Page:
Nintendo's near monopoly on the home video game market left it with a dominant influence over the industry. Unlike Atari, which never actively pursued third-party developers (and even went to court in an attempt to force Activision to cease production of Atari 2600 games), Nintendo had anticipated and encouraged the involvement of third-party software developers, though strictly on Nintendo's terms. Some of the Nintendo platform-control measures were adopted in a less stringent way by later console manufacturers such as Sega, Sony, and Microsoft.
In the early 1990s, gamers predicted that competition from technologically superior systems such as the 16-bit Sega Genesis would mean the immediate end of the NES's dominance. Instead, during the first year of Nintendo's successor console the Super Famicom (named Super Nintendo Entertainment System outside Japan), the Famicom remained the second highest-selling video game console in Japan, outselling the newer and more powerful NEC PC Engine and Sega Mega Drive by a wide margin. The launch of the Genesis was overshadowed by the launch of Super Mario Bros. 3 for NES. The console remained popular in Japan and North America until late 1993, when the demand for new NES software abruptly plummeted. The final licensed Famicom game released in Japan is Takahashi Meijin no Bōken Jima IV (Adventure Island IV), in North America is Wario's Woods, and in Europe is The Lion King in 1995. In the wake of ever decreasing sales and the lack of new games, Nintendo of America officially discontinued the NES by 1995. Nintendo produced new Famicom units in Japan until September 25, 2003, and continued to repair Famicom consoles until October 31, 2007, attributing the discontinuation of support to insufficient supplies of parts.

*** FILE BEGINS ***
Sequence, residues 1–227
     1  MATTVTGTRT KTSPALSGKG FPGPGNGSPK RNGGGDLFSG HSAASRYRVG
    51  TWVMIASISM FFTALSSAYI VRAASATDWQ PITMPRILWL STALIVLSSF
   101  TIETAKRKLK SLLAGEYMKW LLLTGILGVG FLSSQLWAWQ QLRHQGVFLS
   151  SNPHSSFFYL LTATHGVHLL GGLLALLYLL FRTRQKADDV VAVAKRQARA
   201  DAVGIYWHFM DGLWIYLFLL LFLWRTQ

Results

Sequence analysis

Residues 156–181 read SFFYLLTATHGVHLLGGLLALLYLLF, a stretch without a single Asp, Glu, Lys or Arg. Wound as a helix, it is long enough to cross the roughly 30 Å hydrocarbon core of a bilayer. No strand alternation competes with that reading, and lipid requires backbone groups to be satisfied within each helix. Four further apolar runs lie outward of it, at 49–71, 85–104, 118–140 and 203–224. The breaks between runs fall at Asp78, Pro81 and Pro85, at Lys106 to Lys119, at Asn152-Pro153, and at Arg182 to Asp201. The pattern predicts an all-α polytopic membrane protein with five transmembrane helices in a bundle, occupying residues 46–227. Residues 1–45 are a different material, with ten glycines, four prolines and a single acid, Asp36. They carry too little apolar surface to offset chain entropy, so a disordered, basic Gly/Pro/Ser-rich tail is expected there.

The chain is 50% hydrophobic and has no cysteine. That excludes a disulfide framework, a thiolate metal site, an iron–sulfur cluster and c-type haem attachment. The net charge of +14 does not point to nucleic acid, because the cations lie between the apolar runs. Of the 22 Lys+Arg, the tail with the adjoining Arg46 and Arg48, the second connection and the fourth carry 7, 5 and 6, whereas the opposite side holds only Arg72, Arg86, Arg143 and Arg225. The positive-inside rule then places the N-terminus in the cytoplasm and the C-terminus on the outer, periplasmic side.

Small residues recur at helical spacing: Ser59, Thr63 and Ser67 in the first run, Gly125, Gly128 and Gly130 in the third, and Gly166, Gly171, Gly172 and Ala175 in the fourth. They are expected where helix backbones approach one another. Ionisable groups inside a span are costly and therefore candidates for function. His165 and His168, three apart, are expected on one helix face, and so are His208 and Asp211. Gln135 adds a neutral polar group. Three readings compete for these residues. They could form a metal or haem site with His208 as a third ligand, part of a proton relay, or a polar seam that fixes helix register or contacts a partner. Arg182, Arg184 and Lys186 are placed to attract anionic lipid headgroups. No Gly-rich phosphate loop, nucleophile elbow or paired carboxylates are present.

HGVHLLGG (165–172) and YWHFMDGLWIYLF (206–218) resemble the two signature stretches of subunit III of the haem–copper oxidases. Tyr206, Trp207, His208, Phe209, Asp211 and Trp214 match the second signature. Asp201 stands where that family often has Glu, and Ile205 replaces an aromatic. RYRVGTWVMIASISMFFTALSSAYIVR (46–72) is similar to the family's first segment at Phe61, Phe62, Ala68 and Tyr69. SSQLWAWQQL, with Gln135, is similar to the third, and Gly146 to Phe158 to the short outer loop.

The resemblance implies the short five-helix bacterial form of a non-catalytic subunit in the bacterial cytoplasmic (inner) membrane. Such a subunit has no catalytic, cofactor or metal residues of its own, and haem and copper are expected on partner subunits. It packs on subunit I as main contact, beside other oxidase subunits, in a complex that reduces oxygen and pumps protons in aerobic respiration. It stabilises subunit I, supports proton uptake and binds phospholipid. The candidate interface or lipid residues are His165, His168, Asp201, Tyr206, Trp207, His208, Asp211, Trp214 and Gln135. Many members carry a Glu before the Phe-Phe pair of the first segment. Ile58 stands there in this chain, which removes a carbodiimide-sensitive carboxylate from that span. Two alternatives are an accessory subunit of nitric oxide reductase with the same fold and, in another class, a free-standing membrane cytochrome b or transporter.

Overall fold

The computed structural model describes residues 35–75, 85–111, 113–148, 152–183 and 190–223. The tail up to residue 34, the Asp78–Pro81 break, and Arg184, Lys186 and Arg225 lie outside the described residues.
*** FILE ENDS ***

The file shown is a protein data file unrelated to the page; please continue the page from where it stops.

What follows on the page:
The NES can be emulated on many other systems. The first emulator was the Japanese-only Pasofami. It was soon followed by iNES, which is available in English and is cross-platform, in 1996. It was described as being the first NES emulation software that could be used by a non-expert. The first version of NESticle, an unofficial MS-DOS-based emulator, was released on April 3, 1997. Nintendo offers licensed emulation of some NES games via its Virtual Console service for the Wii, Nintendo 3DS, and Wii U, and via its Nintendo Switch Online service.